Goochland Free Clinic & Family Services - $65,000 to support health care services for low-income, uninsured Goochland residents.
Virginia League for Planned Parenthood - $75,000 to expand primary care services by partnering with patients to provide high-quality, affordable care.
YWCA - $50,000 to lead and expand the successful collaborative crisis response system and life-rebuilding programs for survivors of domestic and sexual violence.
Greater Richmond ARC - $25,000 to support ARC in expanding capacity and services to take on A Grace Place's clients and staff.
Learn more about the Jenkins Foundation
The Jenkins Foundation is pleased to announce support of 16 local nonprofits with $940,000 during their spring cycle. This includes multi-year support to CARITAS for the Healing Place for Men and Women and the Virginia League for Planned Parenthood for their East End clinic.
The Jenkins Foundation is focused on providing equitable access to primary care and mental health care services, as well as preventing and treating substance use disorders in the Richmond region. The result is a more efficient health care delivery system and a safer, healthier and more productive Greater Richmond community.
Access Now, Inc.
$40,000 to provide specialty medical care to the uninsured.
Better Housing Coalition
$40,000 to support medical case management and access to health education for elders who wish to remain independent in their homes.
Daily Planet Health Services
$50,000 to support Medical Respite staff in providing quality healthcare to vulnerable homeless individuals.
$50,000 to support the Early Childhood Development Initiative.
Richmond Behavioral Health Foundation
$50,000 to fund a second Health Educator position in the Richmond Integrated Community Health Clinic.
Virginia Dental Association Foundation
$25,000 to provide case management for Donated Dental Services and assist the coordination of free dental clinics.
Virginia League for Planned Parenthood
$100,000 for capital for the East End clinic. (First year of a 3-year, $500,000 grant.)
$20,000 to support the training and supervision of volunteer child advocates.
$50,000 to help children build resilience to trauma by providing access to outpatient Mental Health (MHS) and Immediate Response (IR) services.
Greater Richmond SCAN (Stop Child Abuse Now) Inc.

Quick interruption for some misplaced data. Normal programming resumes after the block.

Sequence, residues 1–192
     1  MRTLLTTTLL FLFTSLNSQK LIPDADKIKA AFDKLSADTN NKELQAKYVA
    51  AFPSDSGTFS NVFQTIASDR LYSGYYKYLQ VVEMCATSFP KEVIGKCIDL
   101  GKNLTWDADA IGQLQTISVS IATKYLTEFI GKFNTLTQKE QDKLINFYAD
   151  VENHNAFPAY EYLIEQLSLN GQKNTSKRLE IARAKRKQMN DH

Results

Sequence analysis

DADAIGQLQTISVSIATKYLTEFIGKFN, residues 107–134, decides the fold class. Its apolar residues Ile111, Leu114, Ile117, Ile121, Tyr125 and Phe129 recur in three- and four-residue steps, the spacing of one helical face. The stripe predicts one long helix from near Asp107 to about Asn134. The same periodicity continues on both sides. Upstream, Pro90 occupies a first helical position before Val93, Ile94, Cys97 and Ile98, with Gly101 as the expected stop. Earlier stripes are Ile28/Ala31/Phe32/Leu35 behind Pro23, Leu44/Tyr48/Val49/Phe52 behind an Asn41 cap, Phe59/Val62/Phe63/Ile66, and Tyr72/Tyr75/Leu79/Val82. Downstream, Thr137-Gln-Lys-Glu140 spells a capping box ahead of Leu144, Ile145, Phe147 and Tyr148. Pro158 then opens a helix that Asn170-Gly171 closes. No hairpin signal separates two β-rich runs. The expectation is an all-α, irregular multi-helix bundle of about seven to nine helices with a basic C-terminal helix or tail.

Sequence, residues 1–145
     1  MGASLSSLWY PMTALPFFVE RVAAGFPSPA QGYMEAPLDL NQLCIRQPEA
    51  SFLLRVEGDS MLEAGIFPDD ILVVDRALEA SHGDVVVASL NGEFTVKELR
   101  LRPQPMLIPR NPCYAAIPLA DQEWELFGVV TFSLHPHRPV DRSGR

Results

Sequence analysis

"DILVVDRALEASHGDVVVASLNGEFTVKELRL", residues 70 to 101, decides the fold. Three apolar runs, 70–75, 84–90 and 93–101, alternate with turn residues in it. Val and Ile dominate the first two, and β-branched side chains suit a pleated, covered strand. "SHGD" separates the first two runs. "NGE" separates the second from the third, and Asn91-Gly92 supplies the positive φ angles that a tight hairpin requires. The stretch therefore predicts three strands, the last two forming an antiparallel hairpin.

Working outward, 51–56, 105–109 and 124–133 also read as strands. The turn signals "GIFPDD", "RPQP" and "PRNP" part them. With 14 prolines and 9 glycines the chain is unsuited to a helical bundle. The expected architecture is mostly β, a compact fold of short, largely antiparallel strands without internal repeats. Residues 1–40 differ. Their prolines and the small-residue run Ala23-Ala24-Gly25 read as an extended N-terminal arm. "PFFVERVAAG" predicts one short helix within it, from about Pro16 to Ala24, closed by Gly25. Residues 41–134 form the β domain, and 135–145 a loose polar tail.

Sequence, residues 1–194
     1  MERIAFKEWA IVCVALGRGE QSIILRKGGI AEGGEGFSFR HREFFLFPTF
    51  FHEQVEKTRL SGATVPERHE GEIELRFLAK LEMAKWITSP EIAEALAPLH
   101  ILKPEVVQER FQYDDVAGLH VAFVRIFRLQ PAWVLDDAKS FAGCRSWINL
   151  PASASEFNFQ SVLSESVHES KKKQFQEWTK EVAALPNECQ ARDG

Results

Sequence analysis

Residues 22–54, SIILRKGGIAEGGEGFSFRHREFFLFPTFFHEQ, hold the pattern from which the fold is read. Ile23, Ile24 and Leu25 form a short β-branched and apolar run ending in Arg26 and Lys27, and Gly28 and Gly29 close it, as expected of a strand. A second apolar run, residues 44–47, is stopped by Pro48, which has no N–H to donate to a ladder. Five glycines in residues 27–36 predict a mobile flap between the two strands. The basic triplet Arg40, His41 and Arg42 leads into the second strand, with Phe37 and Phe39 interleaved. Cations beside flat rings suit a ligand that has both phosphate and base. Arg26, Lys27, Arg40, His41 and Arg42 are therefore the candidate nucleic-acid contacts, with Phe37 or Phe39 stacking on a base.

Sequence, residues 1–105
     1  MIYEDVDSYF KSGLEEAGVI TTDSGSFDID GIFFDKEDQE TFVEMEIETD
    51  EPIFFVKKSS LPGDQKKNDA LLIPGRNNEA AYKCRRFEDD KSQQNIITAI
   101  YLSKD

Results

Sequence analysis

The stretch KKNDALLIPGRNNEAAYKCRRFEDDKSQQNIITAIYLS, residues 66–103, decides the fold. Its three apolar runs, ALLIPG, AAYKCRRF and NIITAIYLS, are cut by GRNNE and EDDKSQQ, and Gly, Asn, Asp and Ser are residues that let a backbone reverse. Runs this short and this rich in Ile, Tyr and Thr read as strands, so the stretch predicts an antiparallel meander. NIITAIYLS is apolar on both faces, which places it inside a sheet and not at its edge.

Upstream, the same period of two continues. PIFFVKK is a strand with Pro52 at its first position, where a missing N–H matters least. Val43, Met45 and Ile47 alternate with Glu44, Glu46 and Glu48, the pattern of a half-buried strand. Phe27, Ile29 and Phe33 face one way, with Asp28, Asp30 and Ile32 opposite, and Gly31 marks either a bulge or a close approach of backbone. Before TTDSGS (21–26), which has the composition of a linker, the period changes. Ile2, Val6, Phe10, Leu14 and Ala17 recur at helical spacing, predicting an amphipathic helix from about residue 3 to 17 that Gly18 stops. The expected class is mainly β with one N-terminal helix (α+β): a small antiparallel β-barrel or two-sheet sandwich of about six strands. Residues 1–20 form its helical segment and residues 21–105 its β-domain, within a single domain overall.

$50,000 to provide intensive, trauma-focused mental health treatment for children and caregivers.
$20,000 to support training for at least 20 new volunteer advocates to serve abused or neglected children.
Medical College of Virginia Foundation
$50,000 to support family navigation services that connect families to mental health services in Virginia.
St. Joseph's Villa
$30,000 to implement and evaluate new Trauma-Informed Care efforts.
Virginia Home for Boys and Girls
$10,000 to support free, monthly Youth Mental Health First Aid Workshops.
YWCA of Richmond
$50,000 to support mental health services intake for survivors of intimate partner violence.
$250,000 for capital costs associated with the Healing Place for Women. (Final year of a 4-year, $1 million grant.)
$50,000 for operating support for the Healing Place for Men. (Second year of a 3-year, $150,000 grant.)
About the Jenkins Foundation: The Jenkins Foundation is a supporting organization of the Community Foundation for a greater Richmond whose mission is to improve the health of Greater Richmond through strategic and impactful philanthropy. Formed in 1995 following the sale of Retreat Hospital, the Jenkins Foundation honors the legacy of the hospital’s founder Annabella Jenkins, who was committed to providing compassionate care for the medically underserved. Today grant making and leadership efforts are focused on health care services, working collaboratively with philanthropic partners and learning with local health organizations. Since inception, the Jenkins Foundation has awarded over $37 million in grants to local organizations. http://jenkinsfoundation-va.org/
3409 Moore Street
Richmond, VA 23230